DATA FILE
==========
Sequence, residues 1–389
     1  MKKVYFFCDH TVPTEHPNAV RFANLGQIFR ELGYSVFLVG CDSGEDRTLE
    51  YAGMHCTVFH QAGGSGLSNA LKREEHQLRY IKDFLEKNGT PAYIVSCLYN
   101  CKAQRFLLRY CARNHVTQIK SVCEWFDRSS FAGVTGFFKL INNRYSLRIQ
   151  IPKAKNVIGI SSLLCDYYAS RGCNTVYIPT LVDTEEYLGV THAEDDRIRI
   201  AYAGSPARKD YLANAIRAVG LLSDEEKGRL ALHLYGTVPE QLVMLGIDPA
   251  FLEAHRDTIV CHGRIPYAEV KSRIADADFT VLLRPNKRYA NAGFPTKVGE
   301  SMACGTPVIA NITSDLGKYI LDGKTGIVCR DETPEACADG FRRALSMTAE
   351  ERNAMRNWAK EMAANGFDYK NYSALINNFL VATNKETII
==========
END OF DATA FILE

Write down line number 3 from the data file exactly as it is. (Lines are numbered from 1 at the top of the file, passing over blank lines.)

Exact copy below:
    51  YAGMHCTVFH QAGGSGLSNA LKREEHQLRY IKDFLEKNGT PAYIVSCLYN